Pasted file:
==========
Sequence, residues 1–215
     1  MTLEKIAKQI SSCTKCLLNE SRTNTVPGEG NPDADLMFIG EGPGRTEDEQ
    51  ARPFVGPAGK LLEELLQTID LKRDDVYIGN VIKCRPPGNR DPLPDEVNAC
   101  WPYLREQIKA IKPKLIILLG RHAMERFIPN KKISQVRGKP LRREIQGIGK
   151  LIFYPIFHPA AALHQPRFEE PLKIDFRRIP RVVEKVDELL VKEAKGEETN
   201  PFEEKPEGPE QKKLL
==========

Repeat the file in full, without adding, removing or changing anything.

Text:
Sequence, residues 1–215
     1  MTLEKIAKQI SSCTKCLLNE SRTNTVPGEG NPDADLMFIG EGPGRTEDEQ
    51  ARPFVGPAGK LLEELLQTID LKRDDVYIGN VIKCRPPGNR DPLPDEVNAC
   101  WPYLREQIKA IKPKLIILLG RHAMERFIPN KKISQVRGKP LRREIQGIGK
   151  LIFYPIFHPA AALHQPRFEE PLKIDFRRIP RVVEKVDELL VKEAKGEETN
   201  PFEEKPEGPE QKKLL